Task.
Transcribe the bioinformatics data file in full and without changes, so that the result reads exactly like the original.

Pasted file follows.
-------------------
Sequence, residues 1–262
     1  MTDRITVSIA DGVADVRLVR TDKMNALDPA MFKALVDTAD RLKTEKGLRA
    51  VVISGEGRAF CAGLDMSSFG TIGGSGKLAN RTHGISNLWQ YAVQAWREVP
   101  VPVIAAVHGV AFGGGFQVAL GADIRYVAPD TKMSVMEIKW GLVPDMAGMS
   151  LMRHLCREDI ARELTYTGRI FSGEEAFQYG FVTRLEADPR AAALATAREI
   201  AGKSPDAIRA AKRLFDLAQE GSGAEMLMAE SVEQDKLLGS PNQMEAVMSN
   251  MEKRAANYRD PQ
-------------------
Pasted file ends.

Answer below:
Sequence, residues 1–262
     1  MTDRITVSIA DGVADVRLVR TDKMNALDPA MFKALVDTAD RLKTEKGLRA
    51  VVISGEGRAF CAGLDMSSFG TIGGSGKLAN RTHGISNLWQ YAVQAWREVP
   101  VPVIAAVHGV AFGGGFQVAL GADIRYVAPD TKMSVMEIKW GLVPDMAGMS
   151  LMRHLCREDI ARELTYTGRI FSGEEAFQYG FVTRLEADPR AAALATAREI
   201  AGKSPDAIRA AKRLFDLAQE GSGAEMLMAE SVEQDKLLGS PNQMEAVMSN
   251  MEKRAANYRD PQ